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View Diary: No one wants to drive out to Walmart stores anymore (325 comments)

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  •  What specific "tax breaks and incentives"... (4+ / 0-)
    Recommended by:
    msdrown, La Gitane, Sparhawk, Gary Owen

    ...does Walmart get from the Federal government that are not available to other corporations?

    As far as having to tear down their stores rather than try to sell them, that's a local issue -- and should be applied equally to all businesses and residences.

    Perhaps cities and counties should require payment of a "demolition and replanting" fee sufficient for demolition and land restoration before issuing a building permit. If the building is vacant or not being used for its original purpose for more than nine months, the city/county would tear the structure down and restore the land using the funds accumulated through the fees. If demolition and restoration costs go up, for example due to inflation or due to new environmental laws, beyond the return on the US Treasuries the fund is invested in, each business/residence would be taxed annually to top "their" portion of the fund up.

    If an owner demolishes a building (and possibly restores the land if not rebuilding) they get a refund from the fund for demolition costs (and, if done, restoration costs).

    Detroit could have used this.

    Check with your city council.

    •  I have been shouting this same thing for YEARS (5+ / 0-)
      Perhaps cities and counties should require payment of a "demolition and replanting" fee sufficient for demolition and land restoration before issuing a building permit. If the building is vacant or not being used for its original purpose for more than nine months, the city/county would tear the structure down and restore the land using the funds accumulated through the fees. If demolition and restoration costs go up, for example due to inflation or due to new environmental laws, beyond the return on the US Treasuries the fund is invested in, each business/residence would be taxed annually to top "their" portion of the fund up.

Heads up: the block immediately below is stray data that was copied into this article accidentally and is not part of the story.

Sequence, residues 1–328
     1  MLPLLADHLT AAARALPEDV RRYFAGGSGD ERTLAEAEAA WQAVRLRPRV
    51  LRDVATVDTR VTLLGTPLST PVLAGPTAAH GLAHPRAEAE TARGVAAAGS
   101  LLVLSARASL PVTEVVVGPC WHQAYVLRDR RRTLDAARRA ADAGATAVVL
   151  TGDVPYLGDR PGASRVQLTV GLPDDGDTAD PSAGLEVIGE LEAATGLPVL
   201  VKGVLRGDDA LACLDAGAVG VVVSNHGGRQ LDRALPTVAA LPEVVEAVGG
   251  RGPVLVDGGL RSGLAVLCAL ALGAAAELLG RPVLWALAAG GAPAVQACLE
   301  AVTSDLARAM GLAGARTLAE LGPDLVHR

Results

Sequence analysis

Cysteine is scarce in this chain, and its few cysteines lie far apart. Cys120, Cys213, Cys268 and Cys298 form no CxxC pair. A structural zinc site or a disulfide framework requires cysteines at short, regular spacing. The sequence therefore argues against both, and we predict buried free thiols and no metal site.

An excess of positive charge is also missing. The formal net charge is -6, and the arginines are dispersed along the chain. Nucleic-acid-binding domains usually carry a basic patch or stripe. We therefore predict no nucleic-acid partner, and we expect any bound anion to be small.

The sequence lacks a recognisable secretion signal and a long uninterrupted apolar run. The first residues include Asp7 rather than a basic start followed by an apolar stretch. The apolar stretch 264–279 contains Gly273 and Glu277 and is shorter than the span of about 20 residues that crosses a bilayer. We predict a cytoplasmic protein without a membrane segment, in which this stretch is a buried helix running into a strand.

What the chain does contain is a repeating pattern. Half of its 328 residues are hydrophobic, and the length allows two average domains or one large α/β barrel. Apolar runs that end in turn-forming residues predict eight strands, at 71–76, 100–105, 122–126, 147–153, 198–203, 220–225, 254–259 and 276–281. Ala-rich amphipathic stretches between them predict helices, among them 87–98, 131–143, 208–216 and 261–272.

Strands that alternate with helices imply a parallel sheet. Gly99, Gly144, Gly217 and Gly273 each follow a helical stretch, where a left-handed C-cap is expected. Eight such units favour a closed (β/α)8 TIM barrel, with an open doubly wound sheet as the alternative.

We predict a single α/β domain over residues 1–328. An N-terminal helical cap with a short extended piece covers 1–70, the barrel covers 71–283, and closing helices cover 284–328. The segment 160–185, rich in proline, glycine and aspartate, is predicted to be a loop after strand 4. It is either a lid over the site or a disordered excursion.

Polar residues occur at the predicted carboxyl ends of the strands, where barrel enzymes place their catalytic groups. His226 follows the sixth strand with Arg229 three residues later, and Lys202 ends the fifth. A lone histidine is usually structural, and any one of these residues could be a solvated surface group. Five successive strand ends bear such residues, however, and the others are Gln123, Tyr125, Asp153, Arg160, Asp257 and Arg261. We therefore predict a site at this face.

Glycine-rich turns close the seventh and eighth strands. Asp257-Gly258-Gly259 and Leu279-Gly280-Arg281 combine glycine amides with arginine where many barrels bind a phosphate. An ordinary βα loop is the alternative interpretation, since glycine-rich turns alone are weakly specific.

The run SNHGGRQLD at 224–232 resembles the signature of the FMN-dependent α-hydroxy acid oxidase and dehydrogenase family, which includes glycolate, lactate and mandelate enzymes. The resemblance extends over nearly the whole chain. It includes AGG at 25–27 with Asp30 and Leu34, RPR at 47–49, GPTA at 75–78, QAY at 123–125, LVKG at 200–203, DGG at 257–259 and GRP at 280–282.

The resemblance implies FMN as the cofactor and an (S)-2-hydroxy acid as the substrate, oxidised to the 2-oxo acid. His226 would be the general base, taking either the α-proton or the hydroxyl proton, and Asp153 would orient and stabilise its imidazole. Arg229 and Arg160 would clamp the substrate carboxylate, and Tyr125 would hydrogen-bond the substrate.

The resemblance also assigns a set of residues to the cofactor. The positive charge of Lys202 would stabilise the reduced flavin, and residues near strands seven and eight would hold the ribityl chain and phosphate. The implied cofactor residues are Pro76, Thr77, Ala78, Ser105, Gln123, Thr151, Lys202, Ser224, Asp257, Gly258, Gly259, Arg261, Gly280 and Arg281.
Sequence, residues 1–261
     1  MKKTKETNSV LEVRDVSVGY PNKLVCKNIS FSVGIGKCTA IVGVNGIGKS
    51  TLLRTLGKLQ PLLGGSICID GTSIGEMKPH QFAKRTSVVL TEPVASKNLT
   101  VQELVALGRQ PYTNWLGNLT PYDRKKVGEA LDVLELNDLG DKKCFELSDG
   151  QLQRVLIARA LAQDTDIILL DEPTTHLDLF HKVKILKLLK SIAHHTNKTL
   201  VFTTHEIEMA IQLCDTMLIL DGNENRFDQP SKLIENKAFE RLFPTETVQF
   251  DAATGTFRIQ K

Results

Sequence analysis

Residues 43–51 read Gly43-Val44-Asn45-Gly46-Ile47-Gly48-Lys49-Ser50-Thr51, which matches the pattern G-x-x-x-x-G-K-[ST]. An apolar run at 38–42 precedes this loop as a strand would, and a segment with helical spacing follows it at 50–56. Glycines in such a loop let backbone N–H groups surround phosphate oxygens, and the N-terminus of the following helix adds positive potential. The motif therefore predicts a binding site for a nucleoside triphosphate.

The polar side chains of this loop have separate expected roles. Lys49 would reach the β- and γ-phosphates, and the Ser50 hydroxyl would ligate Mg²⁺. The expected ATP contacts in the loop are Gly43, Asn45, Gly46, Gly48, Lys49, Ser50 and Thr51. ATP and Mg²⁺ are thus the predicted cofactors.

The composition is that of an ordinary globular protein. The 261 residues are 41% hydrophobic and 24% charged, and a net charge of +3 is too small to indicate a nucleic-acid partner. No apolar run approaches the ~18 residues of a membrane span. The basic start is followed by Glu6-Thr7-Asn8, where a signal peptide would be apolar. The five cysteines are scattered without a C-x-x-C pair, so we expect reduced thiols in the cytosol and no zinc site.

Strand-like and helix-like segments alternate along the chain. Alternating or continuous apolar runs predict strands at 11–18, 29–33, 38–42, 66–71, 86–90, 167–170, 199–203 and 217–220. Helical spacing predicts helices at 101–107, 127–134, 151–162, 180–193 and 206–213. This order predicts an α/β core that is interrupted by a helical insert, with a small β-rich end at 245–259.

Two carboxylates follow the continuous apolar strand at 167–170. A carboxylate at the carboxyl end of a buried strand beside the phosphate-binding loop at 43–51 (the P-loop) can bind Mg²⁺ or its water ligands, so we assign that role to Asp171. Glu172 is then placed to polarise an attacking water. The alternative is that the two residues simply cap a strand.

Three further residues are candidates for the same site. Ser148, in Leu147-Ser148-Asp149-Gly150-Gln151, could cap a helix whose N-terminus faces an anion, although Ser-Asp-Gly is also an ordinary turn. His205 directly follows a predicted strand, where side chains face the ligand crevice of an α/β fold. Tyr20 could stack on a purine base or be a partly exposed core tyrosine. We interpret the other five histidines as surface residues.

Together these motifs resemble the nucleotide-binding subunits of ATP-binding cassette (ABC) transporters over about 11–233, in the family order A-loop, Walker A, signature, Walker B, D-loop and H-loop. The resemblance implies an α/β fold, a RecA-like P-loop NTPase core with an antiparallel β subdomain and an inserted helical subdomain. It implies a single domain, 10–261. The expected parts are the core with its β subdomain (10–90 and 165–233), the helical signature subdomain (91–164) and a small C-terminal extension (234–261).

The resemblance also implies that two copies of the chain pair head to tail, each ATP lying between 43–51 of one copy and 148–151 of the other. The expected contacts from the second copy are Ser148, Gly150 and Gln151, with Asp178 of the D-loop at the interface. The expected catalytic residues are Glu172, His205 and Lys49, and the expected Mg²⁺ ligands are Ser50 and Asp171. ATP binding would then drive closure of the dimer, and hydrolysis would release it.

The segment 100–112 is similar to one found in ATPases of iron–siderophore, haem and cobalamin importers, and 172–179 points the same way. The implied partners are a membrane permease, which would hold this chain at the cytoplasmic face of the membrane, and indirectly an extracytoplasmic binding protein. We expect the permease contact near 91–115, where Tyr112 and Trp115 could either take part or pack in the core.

Of course, I'm not in charge.
    •  I just discovered this: (3+ / 0-)

      I'm living in America, and in America you're on your own. America's not a country. It's just a business.

      by CFAmick on Mon Feb 24, 2014 at 12:43:44 PM PST

      [ Parent ]

    •  Reply to WillR (0+ / 0-)

      Unless you count federal medicaid and food assistance (Which are of course subsidize all low wage corporations) most Wal-Mart subsidies are from local governments.

      Wal-Mart is notorious for building just outside the corporate limits when they can't bully the city council into giving them what they want.
      This draws the customer base from the municipality while conveniently being outside its tax jurisdiction, leaving the council to make a Faustian bargain.

      Your Demolition fees make a lot of sense, as do making tax breaks the subject of stringent requirements. In return for getting a tax break, a corporation should have to commit to bringing living wage jobs into the community.

       

      For we wrestle not against flesh and blood, but against principalities, against powers, against the rulers of the darkness of this world, against spiritual wickedness in high places.

      by Grey Fedora on Tue Mar 04, 2014 at 06:04:38 PM PST

      [ Parent ]

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